Up to now, automated manufacturing of complex glass parts is limited.
Scientists of the Glass Group at the Laser Zentrum Hannover e.V. (LZH) have therefore developed a process for the laser-based joining of borosilicate and quartz glass. In order to achieve a constant quality of the parts, the surface temperature is controlled without contact during the process, and thus, the glass viscosity for joining is reduced in a pre-defined way.
Quartz glass: L angle after the welding process.
Powder filler material is used for bridging the gap. The results of the project show that the new process setup is very well suited for automated manufacturing. The research work was supported by the German Federal Ministry of Economics and Technology.
Complex glass parts are, in most cases, manufactured manually by a glass apparatus maker using a gas flame. Since the process cannot be entirely controlled, the quality fluctuates. In order to be able to automate the production of complex parts, e.g. for chemical apparatus engineering, LZH scientists have developed a laser-based process for joining glass parts made of borosilicate and quartz glass.
The special feature of the process is an integrated temperature control that regulates the viscosity of the parts in a pre-defined way during the welding process: Here, a CO2 laser beam source provides the required amount of heat energy. The temperature is measured without contact using a pyrometer.
In order bridge gaps at, for example, L angle geometries, glass powder is added as filler material during the joining process. In doing so, the glass powder is melted and forms a homogeneous welding seam with a constant bead height. The new process setup enables automated joining of glass in various welding configurations, such as butt joints, fillet joints and L angles.
The „Research Association Technique and Glass“ (FTG e.V.) submitted the application for the research project titled “laser-based joining of glass parts using powder filler material” (powder joining). The commitment and know-how of the FTG members significantly contributed to the success of the project.
The IGF project no. 17029 N „laser-based joining of glass parts using powder filler material“ of the „Research Association Tech-nique and Glass“ (FTG e.V., Bronnbach 28, 97877 Wertheim, Germany) was supported by the German Federation of Industrial Research Associations (AiF e.V.) within the scope of the Industrial Collective Research Programme (IGF) of the German Federal Ministry of Economics and Technology on the basis of a decision by the German Bundestag.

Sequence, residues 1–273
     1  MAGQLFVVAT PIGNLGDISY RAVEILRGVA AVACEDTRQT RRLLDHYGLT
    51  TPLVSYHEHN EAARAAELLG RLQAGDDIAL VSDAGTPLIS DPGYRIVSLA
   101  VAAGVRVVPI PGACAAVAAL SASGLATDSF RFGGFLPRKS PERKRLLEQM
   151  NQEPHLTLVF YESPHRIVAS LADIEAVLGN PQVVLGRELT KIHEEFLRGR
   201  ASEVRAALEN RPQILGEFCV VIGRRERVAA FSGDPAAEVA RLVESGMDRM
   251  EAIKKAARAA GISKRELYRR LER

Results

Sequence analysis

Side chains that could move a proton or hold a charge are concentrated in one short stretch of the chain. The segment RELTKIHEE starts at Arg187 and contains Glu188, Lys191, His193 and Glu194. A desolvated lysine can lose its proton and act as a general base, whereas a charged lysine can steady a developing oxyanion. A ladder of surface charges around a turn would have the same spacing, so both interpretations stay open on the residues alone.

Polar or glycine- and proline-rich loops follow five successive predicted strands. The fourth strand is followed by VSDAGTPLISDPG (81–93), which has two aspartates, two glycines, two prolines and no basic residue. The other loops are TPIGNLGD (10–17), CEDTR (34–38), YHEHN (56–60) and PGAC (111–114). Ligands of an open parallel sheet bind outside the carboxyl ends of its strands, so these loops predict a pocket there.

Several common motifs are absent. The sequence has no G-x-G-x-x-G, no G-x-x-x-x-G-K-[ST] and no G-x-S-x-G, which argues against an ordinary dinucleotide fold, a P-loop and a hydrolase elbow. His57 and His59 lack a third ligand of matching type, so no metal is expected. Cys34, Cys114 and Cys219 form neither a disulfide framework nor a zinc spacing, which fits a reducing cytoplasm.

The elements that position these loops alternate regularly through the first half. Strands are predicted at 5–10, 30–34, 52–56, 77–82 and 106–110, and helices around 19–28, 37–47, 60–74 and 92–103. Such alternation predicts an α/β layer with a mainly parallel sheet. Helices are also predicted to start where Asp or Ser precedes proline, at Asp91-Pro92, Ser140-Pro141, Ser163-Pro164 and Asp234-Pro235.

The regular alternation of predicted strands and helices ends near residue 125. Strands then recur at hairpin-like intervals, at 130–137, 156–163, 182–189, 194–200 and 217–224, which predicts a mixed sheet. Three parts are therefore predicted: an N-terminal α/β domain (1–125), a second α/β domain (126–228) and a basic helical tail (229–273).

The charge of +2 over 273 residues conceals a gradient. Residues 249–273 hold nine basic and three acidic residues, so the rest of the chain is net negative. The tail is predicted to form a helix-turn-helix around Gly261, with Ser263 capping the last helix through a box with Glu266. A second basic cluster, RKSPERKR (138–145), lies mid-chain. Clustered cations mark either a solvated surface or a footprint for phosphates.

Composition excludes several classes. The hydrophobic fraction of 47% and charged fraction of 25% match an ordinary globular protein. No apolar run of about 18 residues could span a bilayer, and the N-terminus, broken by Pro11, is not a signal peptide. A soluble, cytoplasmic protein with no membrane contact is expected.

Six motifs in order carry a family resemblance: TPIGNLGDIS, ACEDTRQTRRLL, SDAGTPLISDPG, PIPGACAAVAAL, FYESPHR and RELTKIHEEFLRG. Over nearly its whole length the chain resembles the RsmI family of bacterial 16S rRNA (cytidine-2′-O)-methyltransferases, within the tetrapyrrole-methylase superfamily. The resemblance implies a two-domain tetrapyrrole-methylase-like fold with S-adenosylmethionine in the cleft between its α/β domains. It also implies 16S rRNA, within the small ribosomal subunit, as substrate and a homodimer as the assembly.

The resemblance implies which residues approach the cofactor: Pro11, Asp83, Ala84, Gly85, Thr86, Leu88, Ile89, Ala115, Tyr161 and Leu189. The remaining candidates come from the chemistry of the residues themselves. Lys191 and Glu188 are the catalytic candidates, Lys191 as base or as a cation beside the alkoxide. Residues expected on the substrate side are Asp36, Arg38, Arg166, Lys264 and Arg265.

The complete project report is available upon request to email@example.com.
Lena Bennefeld | Laser Zentrum Hannover e.V.
Young Scientist Discovers Magnetic Material Unnecessary to Create Spin Current
27.07.2015 | Argonne National Laboratory
Quantum dots light the way
21.07.2015 | The Agency for Science, Technology and Research (A*STAR)
Researchers have developed an ultrafast light-emitting device that can flip on and off 90 billion times a second and could form the basis of optical computing.
Joint BioEnergy Institute study identifies bacterial protein that is key to protecting rice against bacterial blight
A bacterial signal that when recognized by rice plants enables the plants to resist a devastating blight disease has been identified by a multi-national team...
Researchers in the Cockrell School of Engineering at The University of Texas at Austin are one step closer to delivering smart windows with a new level of energy efficiency, engineering materials that allow windows to reveal light without transferring heat and, conversely, to block light while allowing heat transmission, as described in two new research papers.
By allowing indoor occupants to more precisely control the energy and sunlight passing through a window, the new materials could significantly reduce costs for...
Argonne scientists used Mira to identify and improve a new mechanism for eliminating friction, which fed into the development of a hybrid material that exhibited superlubricity at the macroscale for the first time. Argonne Leadership Computing Facility (ALCF) researchers helped enable the groundbreaking simulations by overcoming a performance bottleneck that doubled the speed of the team's code.
While reviewing the simulation results of a promising new lubricant material, Argonne researcher Sanket Deshmukh stumbled upon a phenomenon that had never been...
A NASA camera on the Deep Space Climate Observatory (DSCOVR) satellite has returned its first view of the entire sunlit side of Earth from one million miles away.
The color images of Earth from NASA's Earth Polychromatic Imaging Camera (EPIC) are generated by combining three separate images to create a...
23.07.2015 | Event News
10.07.2015 | Event News
25.06.2015 | Event News
27.07.2015 | Materials Sciences
27.07.2015 | Information Technology
27.07.2015 | Power and Electrical Engineering